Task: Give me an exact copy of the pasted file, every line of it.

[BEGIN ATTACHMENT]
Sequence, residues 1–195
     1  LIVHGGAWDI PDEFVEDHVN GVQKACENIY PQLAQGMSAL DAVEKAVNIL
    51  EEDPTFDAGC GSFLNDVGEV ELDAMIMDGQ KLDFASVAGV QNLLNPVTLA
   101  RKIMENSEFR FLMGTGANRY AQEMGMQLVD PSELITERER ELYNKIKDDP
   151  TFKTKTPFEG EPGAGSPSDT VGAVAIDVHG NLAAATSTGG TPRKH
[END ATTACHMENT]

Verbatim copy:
Sequence, residues 1–195
     1  LIVHGGAWDI PDEFVEDHVN GVQKACENIY PQLAQGMSAL DAVEKAVNIL
    51  EEDPTFDAGC GSFLNDVGEV ELDAMIMDGQ KLDFASVAGV QNLLNPVTLA
   101  RKIMENSEFR FLMGTGANRY AQEMGMQLVD PSELITERER ELYNKIKDDP
   151  TFKTKTPFEG EPGAGSPSDT VGAVAIDVHG NLAAATSTGG TPRKH